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Categories: Online Marketing
  1. February 27, 2010 at 22:11

    Geeeezzzz, here I go, I’m back again…….just like a bad penny, I just keep turning up! But, this ‘social media’ stuff, why can’t a person find a class or place to learn about it? I mean, why would someone want to subscribe to such an activity with out knowing what it is all about? AND, I keep reading all sorts of not so good things about how these types of media systems can be manipulated and/or misused. How does one separate fact from fiction…..errrr, disaster? Ron

  2. August 10, 2009 at 17:39

    Great story and interesting observations. But, they are from a person that obviously is very involved in the ‘social media’ medium/business. How about a response from the view point of a dinosaur. I’ve never “twittered”, “FaceBooked”, or any other damn thing. It’s all I can do to keep up with my email and business web site! So, here goes: Hey, what’s wrong with ‘chuck’in’ all of the electronic crap into a corner and taking a week off with out all of that ‘static’ and just enjoying one of the most beautiful areas in the world with out distraction? I’m envious you were able to find the time and afford to take the time to enjoy a whole week off. Hey, it was time to blow the ‘cob webbs’ out of your mind. How cool! But, if bears are your concern, stay home. It’s part of the ‘deal’ when you hike into their territory. No amount of connectivity is going to save you from a bear encounter other than good common sense placement (hung high in the air off an inaccessible tree branch away from your sleeping area)of your food goods. Bears are always hungry and are lazy in that they take advantage of the ‘low hanging fruit’, which nomally is a campers high energy, good tasting food, which is usually easy to access, and definitely easy to obtain as the camper is usually in no position to turn the bear away.
    Second, why would you want to go on a ‘decompression’ vacation to rejuvenate your being only to get ‘amped-up’ and mentally ‘arcing and burning’ over current events that you should be leaving behind??!! Hey, there is nothing that can’t wait until you get home. If you feel there is, you never should have said you were going on the vacation to begin with!! And, how about your partner that you are with, do you think they will like being relegated to the side lines while you conduct business on a get away vacation? It spoils the whole atmosphere! Can you remember a time when we used to stop at a pay phone if we had to call in to the office? Do you think all of this instantaneous conectivity is really necessary and all that good? Really? Do people take the time to think rationaly before responding, or just ‘pop off’ and regret it later?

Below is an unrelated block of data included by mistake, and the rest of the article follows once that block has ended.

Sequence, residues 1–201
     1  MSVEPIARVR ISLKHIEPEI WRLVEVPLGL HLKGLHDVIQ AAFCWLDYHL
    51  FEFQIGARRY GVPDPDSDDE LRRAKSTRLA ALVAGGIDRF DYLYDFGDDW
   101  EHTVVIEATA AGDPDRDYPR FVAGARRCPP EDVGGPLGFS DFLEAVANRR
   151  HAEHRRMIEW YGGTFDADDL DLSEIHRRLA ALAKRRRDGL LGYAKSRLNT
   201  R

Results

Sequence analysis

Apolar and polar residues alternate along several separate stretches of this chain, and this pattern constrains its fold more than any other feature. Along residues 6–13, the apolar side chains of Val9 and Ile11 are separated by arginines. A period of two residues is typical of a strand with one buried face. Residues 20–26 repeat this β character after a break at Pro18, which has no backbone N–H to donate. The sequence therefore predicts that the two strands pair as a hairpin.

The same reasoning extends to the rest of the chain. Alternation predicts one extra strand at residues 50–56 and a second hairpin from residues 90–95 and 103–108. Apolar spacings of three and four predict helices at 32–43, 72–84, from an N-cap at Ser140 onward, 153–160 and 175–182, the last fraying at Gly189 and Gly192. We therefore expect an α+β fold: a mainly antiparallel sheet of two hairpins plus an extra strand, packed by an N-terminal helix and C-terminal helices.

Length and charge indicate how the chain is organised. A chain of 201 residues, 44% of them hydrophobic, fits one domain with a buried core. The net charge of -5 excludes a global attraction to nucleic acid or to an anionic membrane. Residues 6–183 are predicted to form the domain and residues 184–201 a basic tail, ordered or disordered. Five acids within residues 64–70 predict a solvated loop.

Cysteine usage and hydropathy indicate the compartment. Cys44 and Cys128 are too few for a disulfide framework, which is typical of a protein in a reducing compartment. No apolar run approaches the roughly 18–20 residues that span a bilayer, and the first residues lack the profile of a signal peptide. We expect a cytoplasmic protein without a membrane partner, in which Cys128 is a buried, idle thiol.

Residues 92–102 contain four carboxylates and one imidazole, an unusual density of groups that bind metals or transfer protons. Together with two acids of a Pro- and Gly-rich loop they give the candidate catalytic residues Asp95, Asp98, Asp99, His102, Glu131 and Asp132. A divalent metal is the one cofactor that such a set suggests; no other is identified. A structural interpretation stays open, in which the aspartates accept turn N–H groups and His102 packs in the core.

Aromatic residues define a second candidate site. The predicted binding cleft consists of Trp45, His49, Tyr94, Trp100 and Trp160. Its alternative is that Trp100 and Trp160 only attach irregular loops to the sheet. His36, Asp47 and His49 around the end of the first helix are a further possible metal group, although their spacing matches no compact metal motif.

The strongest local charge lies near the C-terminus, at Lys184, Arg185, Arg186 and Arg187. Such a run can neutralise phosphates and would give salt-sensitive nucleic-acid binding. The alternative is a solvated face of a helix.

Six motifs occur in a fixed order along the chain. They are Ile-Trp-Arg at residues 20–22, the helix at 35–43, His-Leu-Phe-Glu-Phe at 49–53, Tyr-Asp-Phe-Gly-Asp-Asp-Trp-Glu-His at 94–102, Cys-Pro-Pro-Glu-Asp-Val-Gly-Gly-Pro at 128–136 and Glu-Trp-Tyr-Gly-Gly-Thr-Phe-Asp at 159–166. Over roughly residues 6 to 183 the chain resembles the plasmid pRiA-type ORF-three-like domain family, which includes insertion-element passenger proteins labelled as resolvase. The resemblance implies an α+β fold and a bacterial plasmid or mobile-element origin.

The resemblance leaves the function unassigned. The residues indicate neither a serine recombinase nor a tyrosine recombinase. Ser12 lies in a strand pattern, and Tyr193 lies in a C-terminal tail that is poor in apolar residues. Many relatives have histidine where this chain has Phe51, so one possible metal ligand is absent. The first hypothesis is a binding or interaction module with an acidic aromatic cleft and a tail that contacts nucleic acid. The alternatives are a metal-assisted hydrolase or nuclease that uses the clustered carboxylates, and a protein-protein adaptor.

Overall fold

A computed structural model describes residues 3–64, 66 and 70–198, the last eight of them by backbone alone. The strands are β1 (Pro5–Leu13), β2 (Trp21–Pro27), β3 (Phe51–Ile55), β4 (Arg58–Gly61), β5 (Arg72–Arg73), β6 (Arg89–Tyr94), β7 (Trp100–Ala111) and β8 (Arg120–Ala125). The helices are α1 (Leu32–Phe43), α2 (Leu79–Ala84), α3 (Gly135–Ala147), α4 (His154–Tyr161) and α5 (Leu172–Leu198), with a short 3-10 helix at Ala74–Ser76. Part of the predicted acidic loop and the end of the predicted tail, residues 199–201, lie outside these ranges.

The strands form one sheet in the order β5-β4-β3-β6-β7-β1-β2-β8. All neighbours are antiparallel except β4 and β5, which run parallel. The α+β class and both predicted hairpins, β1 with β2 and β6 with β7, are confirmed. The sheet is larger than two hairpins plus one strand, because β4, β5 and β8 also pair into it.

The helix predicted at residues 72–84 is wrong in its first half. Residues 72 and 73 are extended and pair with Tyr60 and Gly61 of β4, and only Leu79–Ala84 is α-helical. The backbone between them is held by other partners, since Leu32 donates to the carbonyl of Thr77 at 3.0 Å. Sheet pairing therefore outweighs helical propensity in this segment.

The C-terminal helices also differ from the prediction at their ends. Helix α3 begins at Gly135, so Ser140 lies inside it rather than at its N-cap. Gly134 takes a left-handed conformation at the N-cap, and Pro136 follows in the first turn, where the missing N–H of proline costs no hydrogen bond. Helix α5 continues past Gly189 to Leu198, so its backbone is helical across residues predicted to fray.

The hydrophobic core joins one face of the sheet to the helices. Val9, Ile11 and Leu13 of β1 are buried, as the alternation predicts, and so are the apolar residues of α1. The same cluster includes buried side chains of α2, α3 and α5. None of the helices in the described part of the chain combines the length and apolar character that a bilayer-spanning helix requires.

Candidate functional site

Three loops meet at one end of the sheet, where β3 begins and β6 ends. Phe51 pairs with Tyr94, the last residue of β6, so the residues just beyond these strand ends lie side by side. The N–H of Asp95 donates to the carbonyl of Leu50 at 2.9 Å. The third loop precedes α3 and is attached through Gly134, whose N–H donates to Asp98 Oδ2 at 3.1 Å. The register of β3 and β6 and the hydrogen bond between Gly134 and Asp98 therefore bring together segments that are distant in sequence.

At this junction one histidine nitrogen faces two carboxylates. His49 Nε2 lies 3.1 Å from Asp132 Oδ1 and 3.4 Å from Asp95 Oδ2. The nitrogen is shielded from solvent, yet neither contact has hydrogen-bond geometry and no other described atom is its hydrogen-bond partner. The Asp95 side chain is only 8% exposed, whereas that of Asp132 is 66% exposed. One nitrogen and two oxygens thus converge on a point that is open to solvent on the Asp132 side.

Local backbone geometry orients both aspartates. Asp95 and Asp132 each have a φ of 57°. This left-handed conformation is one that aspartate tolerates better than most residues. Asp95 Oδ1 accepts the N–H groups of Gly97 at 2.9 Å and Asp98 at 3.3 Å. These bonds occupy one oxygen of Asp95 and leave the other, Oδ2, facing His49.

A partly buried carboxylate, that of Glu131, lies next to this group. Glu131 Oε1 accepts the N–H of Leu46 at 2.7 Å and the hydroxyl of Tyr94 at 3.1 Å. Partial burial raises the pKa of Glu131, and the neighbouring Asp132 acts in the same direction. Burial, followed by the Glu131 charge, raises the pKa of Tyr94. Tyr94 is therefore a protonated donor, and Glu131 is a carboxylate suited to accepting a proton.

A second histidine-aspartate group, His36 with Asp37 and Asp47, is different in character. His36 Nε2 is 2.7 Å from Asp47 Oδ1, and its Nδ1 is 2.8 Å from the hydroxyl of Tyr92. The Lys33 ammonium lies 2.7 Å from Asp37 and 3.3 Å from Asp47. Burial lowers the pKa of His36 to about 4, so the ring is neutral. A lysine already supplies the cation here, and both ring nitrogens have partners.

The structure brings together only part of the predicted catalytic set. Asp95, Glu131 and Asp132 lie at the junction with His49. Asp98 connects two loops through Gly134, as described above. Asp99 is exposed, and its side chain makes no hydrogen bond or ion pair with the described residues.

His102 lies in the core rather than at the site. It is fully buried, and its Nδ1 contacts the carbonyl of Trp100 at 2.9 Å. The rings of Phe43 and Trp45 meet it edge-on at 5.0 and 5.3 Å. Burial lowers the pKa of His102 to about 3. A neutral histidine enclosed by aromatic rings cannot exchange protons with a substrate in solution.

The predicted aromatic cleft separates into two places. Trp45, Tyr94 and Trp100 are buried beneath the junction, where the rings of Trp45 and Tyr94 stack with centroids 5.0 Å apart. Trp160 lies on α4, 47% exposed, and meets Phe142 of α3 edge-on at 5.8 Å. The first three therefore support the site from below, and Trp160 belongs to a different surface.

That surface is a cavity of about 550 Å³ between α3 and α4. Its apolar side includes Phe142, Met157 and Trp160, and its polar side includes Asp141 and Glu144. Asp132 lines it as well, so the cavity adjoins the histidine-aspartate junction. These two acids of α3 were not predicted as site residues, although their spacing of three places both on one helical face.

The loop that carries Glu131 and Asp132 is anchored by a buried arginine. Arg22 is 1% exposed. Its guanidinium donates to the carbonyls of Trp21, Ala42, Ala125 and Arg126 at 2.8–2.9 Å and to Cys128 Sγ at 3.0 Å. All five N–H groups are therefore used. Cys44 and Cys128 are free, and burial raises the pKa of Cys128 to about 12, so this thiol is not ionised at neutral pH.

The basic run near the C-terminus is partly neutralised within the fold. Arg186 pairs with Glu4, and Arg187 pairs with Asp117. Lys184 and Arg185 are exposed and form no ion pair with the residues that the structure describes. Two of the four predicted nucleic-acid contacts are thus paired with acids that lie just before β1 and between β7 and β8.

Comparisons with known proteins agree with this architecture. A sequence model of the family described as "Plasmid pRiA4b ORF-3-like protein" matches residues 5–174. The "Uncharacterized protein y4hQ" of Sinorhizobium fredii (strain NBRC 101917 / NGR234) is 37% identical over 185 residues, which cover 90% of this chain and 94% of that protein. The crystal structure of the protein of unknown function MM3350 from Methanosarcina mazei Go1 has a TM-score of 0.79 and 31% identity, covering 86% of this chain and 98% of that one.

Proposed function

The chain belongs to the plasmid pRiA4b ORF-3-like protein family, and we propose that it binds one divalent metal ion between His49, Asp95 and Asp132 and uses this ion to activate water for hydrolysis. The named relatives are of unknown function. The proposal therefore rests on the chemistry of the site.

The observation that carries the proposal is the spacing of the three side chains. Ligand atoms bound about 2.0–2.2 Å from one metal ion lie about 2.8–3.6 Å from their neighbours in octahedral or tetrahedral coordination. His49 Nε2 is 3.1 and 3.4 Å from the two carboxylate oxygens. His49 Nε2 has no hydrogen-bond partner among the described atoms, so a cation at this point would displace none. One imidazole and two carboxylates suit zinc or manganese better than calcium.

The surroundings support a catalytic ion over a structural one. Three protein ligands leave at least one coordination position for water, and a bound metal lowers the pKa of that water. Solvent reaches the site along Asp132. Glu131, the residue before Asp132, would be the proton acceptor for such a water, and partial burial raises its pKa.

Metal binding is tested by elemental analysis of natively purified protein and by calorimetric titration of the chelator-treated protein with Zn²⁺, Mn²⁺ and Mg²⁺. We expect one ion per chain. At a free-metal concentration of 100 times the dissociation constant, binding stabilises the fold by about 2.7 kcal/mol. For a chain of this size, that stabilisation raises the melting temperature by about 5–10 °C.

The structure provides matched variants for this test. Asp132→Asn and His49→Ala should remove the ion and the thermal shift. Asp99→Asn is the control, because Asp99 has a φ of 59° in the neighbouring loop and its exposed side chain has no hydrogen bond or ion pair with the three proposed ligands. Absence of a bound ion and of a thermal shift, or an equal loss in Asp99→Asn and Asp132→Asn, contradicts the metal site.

I think I need to be seriously convinced that all of this instant media stuff is all that every one tries to make of it. Why should I have to learn a new ‘code’ to communicate on twitter or other mediums? Why couldn’t one just take a picture of the unknown flower seen on the trip and find out what it is when one returns home? What makes the immediacy of the situation? This ‘Ol dinosaur thinks we need to slow down and ‘smell the roses’. Ron

    • Sharon
      August 10, 2009 at 20:36

      Thanks Ron, I always love your commentary, keep it coming! You are definitely not alone — I feel that your views represent a lot of other similar sentiments out there and similar folks who need to be seriously convinced of this fast media stuff.

      By the way, we did have just enough battery to get shots of the wildflowers. We are still hoping to use the social networks to learn a few more names of those flowers on the second page of this site.

      Lake Ediza

      But you won’t see a pic of the bears, fear appropriately overtook that interest. Sure, we did have all our stuff stashed correctly and attentively away from the camp in the bear canisters, but it didn’t stop them from sniffing around the camp – as you mentioned, part of the deal of sharing the territory.. and those guys do just fine without any new technology!

  1. August 14, 2009 at 08:15